Sit Less and Move More!

Office workers are one of the most sedentary occupational groups whereby most of them spent over 75% of their working hours being deskbound. Research has shown that an average office worker spends approximately 80,000 hours in sitting position over the course of their career journey. It is noteworthy that sitting has its benefits from a productivity and biological aspect as it allows sufficient rest for the body and provide stabilization for detailed and focused tasks. However, we all know that sitting for a long period of time draws in a host of negative consequences to our health.

Why is sitting so bad?

The majority of literature evidence assessing the negative consequences of prolonged sitting revolves around musculoskeletal functions, whereby the system undergoes repetitive overuse and lead to what we call work-related musculoskeletal disorder. Evidence has shown that it is certainly not uncommon that musculoskeletal disorders account for a significant proportion of work compensation and workplace sick leave cases in Australia, with an estimate of 50% from computer users.

Consequently, this has adverse impact on the employee’s overall wellbeing, motivation, productivity and morale, as well as on the workplace culture.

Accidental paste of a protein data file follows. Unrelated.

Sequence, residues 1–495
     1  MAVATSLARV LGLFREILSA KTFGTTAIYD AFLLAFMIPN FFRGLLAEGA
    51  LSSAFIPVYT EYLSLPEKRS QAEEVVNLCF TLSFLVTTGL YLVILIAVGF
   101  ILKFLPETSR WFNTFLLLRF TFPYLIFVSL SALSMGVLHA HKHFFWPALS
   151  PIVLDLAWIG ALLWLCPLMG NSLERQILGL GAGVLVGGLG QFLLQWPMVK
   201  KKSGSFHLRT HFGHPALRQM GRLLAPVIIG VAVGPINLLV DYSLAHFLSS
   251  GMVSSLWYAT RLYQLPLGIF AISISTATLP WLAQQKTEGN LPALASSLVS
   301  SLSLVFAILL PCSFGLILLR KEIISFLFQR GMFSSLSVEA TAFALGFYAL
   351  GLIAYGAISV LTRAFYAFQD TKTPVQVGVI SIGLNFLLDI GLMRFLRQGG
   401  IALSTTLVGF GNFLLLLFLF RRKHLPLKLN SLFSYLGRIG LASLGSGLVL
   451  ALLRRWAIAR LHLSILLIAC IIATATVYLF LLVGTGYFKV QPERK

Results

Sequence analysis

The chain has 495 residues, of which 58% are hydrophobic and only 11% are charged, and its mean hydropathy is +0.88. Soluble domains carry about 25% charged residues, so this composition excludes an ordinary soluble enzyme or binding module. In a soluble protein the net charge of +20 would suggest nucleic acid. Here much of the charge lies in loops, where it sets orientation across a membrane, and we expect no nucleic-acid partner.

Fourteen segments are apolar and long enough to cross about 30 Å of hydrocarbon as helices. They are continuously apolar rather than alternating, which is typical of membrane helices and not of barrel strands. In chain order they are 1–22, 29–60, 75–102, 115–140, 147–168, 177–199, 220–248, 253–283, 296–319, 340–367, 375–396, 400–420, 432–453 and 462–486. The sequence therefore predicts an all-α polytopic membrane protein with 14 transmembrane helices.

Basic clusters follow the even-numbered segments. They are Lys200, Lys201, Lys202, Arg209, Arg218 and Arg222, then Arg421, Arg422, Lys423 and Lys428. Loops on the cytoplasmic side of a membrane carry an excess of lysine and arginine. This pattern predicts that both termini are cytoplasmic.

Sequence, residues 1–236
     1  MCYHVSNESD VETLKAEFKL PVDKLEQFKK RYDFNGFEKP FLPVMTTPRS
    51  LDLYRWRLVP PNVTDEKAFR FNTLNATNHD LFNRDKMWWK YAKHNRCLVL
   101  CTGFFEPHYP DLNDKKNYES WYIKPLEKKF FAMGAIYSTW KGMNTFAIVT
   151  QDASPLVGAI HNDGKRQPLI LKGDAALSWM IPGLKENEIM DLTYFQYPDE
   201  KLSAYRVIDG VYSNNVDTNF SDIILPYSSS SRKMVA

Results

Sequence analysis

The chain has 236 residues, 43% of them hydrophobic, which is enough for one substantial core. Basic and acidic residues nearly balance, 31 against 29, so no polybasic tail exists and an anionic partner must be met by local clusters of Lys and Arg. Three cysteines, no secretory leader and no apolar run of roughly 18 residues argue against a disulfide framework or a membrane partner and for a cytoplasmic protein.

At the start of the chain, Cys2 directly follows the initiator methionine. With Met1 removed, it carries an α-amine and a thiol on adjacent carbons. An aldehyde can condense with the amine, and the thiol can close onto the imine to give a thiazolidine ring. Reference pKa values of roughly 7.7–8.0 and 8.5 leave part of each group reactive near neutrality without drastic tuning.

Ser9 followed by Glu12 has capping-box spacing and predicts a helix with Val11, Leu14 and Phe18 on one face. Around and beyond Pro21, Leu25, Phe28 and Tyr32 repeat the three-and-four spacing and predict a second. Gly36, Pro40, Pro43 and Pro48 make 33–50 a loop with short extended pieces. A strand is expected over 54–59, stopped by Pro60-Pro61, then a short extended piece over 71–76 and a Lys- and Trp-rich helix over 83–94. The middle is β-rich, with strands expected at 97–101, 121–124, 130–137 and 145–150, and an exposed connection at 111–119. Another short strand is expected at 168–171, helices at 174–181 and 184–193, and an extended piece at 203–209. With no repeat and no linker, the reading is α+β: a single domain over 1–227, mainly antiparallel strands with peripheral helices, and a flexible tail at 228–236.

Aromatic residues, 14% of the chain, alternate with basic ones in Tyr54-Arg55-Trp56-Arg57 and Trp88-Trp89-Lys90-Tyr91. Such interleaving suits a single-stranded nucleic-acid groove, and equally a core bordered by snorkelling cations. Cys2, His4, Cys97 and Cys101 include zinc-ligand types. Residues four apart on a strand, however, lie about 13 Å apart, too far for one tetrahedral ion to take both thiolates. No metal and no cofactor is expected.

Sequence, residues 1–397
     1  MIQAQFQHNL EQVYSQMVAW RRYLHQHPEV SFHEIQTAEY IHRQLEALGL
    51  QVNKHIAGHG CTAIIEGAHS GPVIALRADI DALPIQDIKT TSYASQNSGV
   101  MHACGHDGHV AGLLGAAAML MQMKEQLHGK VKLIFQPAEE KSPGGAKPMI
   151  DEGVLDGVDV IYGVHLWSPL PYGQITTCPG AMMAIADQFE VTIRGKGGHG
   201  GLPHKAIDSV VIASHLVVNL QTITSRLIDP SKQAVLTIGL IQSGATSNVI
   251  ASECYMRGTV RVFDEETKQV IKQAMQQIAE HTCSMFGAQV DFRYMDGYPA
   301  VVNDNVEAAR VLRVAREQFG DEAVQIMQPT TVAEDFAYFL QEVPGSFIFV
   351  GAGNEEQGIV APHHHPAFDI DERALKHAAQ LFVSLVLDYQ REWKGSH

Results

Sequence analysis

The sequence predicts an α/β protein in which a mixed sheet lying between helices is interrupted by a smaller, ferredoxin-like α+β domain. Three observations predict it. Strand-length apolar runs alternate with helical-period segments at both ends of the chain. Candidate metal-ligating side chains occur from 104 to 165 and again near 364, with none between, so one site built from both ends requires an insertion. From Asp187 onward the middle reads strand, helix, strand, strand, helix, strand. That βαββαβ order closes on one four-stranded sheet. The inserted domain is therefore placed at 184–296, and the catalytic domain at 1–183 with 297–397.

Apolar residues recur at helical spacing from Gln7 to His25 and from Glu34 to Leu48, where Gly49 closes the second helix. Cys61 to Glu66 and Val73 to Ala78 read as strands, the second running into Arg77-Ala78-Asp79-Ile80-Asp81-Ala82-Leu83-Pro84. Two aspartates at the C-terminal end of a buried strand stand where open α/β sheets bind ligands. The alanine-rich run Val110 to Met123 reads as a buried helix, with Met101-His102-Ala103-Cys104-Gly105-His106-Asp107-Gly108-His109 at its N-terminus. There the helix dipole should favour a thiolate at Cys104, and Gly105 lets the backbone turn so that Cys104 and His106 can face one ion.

Humans as designed to move! As the saying goes “use it or lose it”.

Sitting in a chair for an extended period of time takes a heavy toll on your health. This is when your muscles are ‘asleep’, your spine is rigid, cells and tissues in your body are not receiving pumps of nutrients from blood circulations, as well as not being able to remove waste products effectively.

Eventually the negative impacts extend to potential association with mental wellbeing issues, work stress and fatigue, cardiovascular diseases, diabetes mellitus, increased body mass index and the list goes on.

Nowadays, people are more aware of the service availability of Occupational Therapists that provide comprehensive ergonomic assessments focusing on evaluation of positioning of computer accessories, working posture, work behavior and injury prevention. Unfortunately, it defeats the purpose of having a perfect ergonomic workstation if you are not moving enough throughout the day. Current Occupational Health and Safety guidelines advocate the importance of adopting a variety of postures and taking breaks throughout the day.

Here are some ideas to move more in the office:

Take the stairs

Put the bin further away so that you get up and walk

Stand during meetings

Walk to your colleague’s desk instead of sending emails

Walk to a farther toilet

Have lunch away from desk

Try a standing desk

Stand up when using the phone

Set a reminder to stretch every 30 minutes

Turn waiting time into moving time – Printing documents, heating up food, boiling water, waiting for the bus

If you are interested in Ergonomic Assessments please contact our business development manager at